Because we validate each object in the graph recursively, we might have a problem with cycling references, where objects reference each other in a cycle. This could make us get stuck in infinite loops, constantly validating the same objects repeatedly.

Fortunately, Jakarta Bean Validation includes a concept of defining a validation path, which is described as the sequence of @Valid associations starting from the root object. The implementation keeps track of each instance it has already validated in the current path, starting from a root object. If the same instance appears multiple times in a given navigation path, the validation routine will ignore it, thus preventing infinite loops.

5. Annotation Usage on Child Objects

Now that we know how to use the @Valid annotation and how it works beneath the surface, let’s check out all the places we can use it. We’ll look at using @Valid on nested instances, collections, and type arguments in container objects.

5.1. Validate Nested Instance With @Valid

One way to validate the nested instances is to use the Field Access Strategy, the same way we validated the nested User object inside the Project in the previous example. Simply, we decorate the field with the @Valid annotation and that instance is added to the navigation path:

@Valid
private User owner;

Similarly, another way of validating nested instances is to use Property Access Strategy, which means we can put @Valid on the getter method accessing the state of a property that way:

@Valid
public User getOwner() {
    return owner;
}

5.2. Validate Iterables With @Valid

Collections, arrays, or any other implementations of java.lang.Iterebale interface are eligible for the @Valid annotation. If we annotate in this case, we’ll apply validation for each element of Iterable following the same rules.

It’s important to know that only values will be validated if a collection is an implementation of the java.util.Map interface. We must specifically annotate keys to trigger validation for them.

For example, let’s check out a Map that validates both the key and value:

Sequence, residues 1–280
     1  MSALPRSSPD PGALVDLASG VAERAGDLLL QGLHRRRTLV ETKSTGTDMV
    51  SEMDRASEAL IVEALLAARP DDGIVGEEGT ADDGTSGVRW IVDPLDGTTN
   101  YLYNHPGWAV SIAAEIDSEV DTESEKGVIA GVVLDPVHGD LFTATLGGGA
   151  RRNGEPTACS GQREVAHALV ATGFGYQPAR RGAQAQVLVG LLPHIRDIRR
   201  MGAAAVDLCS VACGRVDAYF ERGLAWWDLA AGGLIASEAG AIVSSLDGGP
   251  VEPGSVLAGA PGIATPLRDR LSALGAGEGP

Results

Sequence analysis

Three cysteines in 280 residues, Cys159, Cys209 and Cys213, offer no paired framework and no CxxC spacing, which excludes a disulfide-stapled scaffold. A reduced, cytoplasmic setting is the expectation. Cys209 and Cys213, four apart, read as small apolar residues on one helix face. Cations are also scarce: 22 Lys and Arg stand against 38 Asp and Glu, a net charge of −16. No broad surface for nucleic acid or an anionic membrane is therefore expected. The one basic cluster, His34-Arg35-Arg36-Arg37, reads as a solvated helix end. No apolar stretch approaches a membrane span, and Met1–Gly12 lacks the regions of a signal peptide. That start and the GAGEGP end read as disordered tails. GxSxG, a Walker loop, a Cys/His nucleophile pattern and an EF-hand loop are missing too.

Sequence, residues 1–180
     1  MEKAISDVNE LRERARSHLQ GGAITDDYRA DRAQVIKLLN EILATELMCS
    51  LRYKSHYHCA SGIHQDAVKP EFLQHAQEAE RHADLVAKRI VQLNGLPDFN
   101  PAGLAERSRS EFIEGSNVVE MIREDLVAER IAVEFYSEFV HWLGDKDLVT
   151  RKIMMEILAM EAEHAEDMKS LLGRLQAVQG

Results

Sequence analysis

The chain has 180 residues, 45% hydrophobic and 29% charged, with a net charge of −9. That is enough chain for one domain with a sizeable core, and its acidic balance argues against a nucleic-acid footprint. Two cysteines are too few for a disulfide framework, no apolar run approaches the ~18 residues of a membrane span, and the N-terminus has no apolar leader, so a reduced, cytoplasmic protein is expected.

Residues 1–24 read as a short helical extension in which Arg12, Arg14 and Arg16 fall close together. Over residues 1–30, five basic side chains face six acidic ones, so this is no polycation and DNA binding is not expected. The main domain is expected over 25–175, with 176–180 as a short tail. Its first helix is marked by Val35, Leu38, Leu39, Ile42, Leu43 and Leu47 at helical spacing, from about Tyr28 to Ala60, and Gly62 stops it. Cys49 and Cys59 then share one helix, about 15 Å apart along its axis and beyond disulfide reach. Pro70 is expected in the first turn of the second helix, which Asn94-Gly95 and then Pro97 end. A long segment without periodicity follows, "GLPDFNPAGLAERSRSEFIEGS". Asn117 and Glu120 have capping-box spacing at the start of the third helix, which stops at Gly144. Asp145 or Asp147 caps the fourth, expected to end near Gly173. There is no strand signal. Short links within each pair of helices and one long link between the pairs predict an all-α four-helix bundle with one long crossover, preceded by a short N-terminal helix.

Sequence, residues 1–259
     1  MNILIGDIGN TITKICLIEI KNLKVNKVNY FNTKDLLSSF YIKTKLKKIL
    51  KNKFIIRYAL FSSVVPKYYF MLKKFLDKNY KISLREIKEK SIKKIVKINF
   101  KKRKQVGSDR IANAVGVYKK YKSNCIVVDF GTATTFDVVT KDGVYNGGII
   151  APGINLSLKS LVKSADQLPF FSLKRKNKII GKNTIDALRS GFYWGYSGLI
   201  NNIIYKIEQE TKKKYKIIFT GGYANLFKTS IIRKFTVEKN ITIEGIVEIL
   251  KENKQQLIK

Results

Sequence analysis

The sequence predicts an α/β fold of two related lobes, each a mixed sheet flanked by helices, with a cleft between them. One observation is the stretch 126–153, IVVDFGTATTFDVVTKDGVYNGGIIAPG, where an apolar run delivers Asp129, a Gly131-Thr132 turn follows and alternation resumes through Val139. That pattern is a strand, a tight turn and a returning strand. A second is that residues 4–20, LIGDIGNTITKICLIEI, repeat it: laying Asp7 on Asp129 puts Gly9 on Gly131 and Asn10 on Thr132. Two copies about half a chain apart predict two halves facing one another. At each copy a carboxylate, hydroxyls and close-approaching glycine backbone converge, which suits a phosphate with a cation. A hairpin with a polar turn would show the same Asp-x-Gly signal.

private Map<@Valid User, @Valid Task> assignedTasks;

5.3. Using Annotation on Container Objects and Type Arguments

Applying annotation on container objects and type arguments is very similar, let’s first take a look at how to do it:

@Valid 
private List<Task> tasks;
    
private List<@Valid Task> tasks;

The first example shows us using annotation on a container, whereas the second one is on type argument directly. In this case, there is no difference, they both work as we expect them to. As a rule, we should avoid using it in both places because that could result in container elements being validated twice.

As we can see, using annotation in these cases is flexible, but they don’t always work in the way we want them to. In cases where we have nested generic containers, to validate the contents of a container we must apply annotation on the type reference of the inner container.

Let’s see an example where a List is nested inside a Map:

private Map<String, List<@Valid Task>> taskByType;

6. Conclusion

In this article, we learned what @Valid annotation is, how to use it to perform validation on child objects, and how Object Graph Validation works.

The @Valid annotation is a powerful tool we can use in different places to make sure things are validated as intended. It’s great because it automatically checks each validated object in the graph, making our job easier.

As always, the sample code is available over on GitHub.